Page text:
The man who knew better

I HAVE not yet had an opportunity to read Sebastian Mallaby’s new biography of Alan Greenspan, The Man Who Knew. I have heard great things about it; you can read Martin Wolf’s review of the book in The Economist here. (Full disclosure: Mr Mallaby is a former Economist journalist and is married to our editor-in-chief, Zanny Minton Beddoes.) In reading coverage of the book, I have been intrigued by one of Mr Mallaby’s judgments of Mr Greenspan: that he was insufficiently committed to keeping control of asset prices. Mr Wolf quotes the book as follows:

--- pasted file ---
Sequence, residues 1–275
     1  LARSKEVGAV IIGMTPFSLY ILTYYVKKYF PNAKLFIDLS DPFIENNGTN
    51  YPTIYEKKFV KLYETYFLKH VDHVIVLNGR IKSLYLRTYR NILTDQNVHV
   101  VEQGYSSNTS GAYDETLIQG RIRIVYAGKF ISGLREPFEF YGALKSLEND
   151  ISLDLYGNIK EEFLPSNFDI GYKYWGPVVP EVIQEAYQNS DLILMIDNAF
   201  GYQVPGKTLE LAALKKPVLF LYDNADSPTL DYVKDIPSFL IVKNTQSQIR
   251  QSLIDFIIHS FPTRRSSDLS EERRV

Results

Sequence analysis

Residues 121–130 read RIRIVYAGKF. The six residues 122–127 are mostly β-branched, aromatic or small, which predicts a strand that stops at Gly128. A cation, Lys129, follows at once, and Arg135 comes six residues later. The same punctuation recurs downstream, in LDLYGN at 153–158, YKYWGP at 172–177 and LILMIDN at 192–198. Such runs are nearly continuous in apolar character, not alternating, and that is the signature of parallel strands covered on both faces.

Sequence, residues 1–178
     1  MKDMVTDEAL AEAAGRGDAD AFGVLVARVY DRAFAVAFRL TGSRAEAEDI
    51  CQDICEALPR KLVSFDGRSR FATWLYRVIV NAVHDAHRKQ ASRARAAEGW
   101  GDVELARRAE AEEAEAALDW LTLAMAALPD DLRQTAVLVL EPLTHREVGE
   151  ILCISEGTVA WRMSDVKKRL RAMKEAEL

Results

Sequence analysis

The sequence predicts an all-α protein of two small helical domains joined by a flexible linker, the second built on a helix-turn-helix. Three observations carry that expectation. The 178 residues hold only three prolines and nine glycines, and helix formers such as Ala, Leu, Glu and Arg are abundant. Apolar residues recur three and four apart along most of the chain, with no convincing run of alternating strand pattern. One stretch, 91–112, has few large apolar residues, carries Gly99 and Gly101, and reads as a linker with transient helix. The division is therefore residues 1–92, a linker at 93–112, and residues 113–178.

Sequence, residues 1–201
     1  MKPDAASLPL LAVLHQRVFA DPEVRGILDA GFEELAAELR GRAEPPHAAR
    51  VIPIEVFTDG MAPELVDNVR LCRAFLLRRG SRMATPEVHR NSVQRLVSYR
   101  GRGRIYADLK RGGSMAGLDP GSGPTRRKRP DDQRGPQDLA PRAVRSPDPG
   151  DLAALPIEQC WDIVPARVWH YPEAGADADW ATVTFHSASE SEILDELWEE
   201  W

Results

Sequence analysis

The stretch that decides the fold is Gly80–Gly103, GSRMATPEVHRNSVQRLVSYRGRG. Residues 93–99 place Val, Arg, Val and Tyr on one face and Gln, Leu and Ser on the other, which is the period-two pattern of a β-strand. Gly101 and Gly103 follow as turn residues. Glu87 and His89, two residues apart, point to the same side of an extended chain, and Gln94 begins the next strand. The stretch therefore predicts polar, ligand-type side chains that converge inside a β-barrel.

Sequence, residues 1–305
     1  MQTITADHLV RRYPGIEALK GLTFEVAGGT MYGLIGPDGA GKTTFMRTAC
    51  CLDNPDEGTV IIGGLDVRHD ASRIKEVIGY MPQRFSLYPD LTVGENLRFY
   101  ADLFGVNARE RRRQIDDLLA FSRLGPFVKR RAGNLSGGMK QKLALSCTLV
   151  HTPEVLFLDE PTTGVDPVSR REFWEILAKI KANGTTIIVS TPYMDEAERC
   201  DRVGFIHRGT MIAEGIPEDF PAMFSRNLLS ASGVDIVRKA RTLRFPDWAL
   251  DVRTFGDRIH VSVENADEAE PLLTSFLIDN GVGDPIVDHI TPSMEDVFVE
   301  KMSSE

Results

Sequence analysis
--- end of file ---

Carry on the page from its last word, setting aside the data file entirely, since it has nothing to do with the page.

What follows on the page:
The tragedy of Greenspan’s tenure is that he did not pursue his fear of finance far enough: he decided that targeting inflation was seductively easy, whereas targeting asset prices was hard; he did not like to confront the climate of opinion, which was willing to grant that central banks had a duty to fight inflation, but not that they should vaporise citizens’ savings by forcing down asset prices. It was a tragedy that grew…Continue reading

This post was originally published in the Economist.

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The man who knew better

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